We learned this week that Dez Bryant indeed will be on the job at AT&T Stadium on the opening Sunday night of the Cowboys season. Brad Sham, however, will not.
Instead of opening his 37th season in the Cowboys broadcast booth, Sham will be celebrating the first night of the Jewish New Year on Sept. 13.
It will be only the second game Sham has missed in two tours with the Cowboys, interrupted by a three-year hiatus in the mid-1990s when he worked Rangers radio.
Replacing Sham in the Cowboys’ opening night booth will be a familiar voice. Verne Lundquist, who retired as the play-by-play voice of the Cowboys at the end of the 1983 season, will fill in alongside Babe Laufenberg. The last time Lundquist called Cowboys play-by-play, they lost a playoff game at Texas Stadium to the Rams, who then were still anchored in Los Angeles.
The very next day was Lundquist’s last as the lead sports anchor at WFAA-TV (Channel 8) as he prepared to set off for a network television career. That prompted Sham’s switch from the Cowboys analyst seat to play-by-play.
Sham had been prepared to miss a game in order to observe a religious holiday in each of his first 36 seasons on the job. But that never proved an issue until the 2015 schedule was released in April.
Although you may recall that in September 2009, after he was honored with an afternoon reading at Temple Emanu-El on Yom Kippur, the holiest day of the Jewish Year, Sham flew via private jet from Love Field to Arlington Municipal Airport and was given a police escort to AT&T Stadium so he could be on time to work the Carolina Panthers-Cowboys game on Monday Night Football.
“It’s always the first thing I look for when the schedule comes out,” Sham said Friday. “I don’t look for opponents, whether games are home or away, or anything like that. I look to see if there will be a conflict with the Jewish High Holidays.”
Sham knew the Cowboys’ 2015 season probably would be opening on Sept. 13. He hoped they would be slotted into a day game that would have ended before the holiday arrived at sundown.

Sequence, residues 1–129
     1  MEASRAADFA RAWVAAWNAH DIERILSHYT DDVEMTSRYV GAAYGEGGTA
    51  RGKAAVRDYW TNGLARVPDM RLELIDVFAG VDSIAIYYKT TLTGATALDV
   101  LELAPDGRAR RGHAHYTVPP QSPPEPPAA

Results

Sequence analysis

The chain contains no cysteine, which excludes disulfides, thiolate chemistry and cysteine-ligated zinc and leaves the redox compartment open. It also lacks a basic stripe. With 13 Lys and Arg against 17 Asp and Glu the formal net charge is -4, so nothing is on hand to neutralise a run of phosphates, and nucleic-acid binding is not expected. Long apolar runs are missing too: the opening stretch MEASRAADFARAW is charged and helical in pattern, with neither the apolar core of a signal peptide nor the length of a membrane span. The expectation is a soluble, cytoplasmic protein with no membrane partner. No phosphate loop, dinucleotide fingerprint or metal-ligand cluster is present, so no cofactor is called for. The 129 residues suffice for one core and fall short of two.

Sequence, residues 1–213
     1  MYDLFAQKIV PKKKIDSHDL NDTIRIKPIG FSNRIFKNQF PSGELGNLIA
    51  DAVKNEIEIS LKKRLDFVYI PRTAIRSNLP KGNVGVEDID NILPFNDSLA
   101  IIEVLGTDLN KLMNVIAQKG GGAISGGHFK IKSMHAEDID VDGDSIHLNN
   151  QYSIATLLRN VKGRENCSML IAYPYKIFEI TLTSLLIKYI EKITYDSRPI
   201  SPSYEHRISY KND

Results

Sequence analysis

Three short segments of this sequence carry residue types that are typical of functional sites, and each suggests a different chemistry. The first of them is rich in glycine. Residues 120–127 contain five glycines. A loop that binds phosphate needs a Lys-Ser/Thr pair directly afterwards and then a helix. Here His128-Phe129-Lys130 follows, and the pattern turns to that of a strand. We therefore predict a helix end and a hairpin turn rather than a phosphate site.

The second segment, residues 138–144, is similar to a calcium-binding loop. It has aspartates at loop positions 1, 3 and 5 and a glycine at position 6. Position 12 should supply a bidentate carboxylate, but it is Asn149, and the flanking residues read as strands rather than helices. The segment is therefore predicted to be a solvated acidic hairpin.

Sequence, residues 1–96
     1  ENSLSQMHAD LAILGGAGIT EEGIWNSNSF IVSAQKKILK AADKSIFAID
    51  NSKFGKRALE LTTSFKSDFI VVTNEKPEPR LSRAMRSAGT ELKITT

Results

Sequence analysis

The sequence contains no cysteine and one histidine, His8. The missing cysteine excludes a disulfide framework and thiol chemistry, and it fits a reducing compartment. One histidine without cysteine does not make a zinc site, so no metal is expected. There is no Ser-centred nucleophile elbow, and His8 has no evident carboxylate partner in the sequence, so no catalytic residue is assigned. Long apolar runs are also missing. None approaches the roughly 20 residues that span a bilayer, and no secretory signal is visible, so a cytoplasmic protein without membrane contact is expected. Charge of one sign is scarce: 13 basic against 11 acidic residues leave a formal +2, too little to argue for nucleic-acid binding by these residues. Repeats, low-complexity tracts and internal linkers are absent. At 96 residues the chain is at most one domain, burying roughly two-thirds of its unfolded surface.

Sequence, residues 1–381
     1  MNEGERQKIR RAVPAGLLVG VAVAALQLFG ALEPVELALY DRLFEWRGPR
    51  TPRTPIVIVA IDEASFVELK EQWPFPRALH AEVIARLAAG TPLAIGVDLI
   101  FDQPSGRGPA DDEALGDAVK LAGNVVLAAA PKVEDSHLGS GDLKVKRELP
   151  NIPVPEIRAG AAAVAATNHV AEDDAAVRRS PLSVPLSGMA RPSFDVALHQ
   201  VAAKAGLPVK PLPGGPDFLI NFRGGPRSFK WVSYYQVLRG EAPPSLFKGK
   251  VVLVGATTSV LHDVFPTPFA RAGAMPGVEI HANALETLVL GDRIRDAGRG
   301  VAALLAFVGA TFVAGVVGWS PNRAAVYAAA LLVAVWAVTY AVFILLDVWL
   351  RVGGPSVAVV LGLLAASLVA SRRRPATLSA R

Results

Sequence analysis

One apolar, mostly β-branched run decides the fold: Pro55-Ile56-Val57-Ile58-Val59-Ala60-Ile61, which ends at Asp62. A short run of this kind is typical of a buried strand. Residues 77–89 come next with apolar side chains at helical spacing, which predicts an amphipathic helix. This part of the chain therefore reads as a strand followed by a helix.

As soon as he saw it would be a 7:30 p.m. kickoff against the New York Giants, Sham knew his iron-voice streak that dated to the final game of the 1982 season at the Minnesota Vikings was over. That, too, was a night game. On Monday Night Football, Tony Dorsett set an NFL record with a 99-yard touchdown run. Lundquist called it alongside guest analyst Charlie Waters while Sham was battling an upset stomach at the hotel.
Sham said he would like to take the credit for coming up with the idea of inviting Lundquist to be his substitute. But that should go to Douglas Barricklow, a producer on the Cowboys’ broadcast. He suggested it to Scott Purcel, the Cowboys director of broadcasting. Everyone at the Cowboys loved the idea.
It was left to Sham to ask his friend, Lundquist.
Keep in mind that Lundquist has a job calling football. He is the voice of CBS’ Saturday afternoon Southeastern Conference games.
It wasn’t until the end of June when Sham finally was able to broach the subject with Lundquist over the phone.
“I was hopeful,” Sham said.
“It took me about 10 seconds to say yes,’’ Lundquist said in an interview.
Lundquist, who celebrated his 75th birthday Friday, will work the Georgia-Vanderbilt game Sept. 12. He’ll fly to Dallas-Fort Worth on Sunday morning and arrive in plenty of time for the game.
He has a date later in the week to participate in a banquet for prominent University of Texas booster Joe Jamail in Houston, and then he’ll be back at CBS to work the Auburn-LSU game in Baton Rouge.
“This will be a pleasure,” said Lundquist, who has one AT&T Stadium game on his résumé. He worked last season’s Texas A&M-Arkansas game.
“I am really pumped,” he said. “I can’t think of anywhere else I’d rather be that day.”
Credit to the Dallas News who originally published this article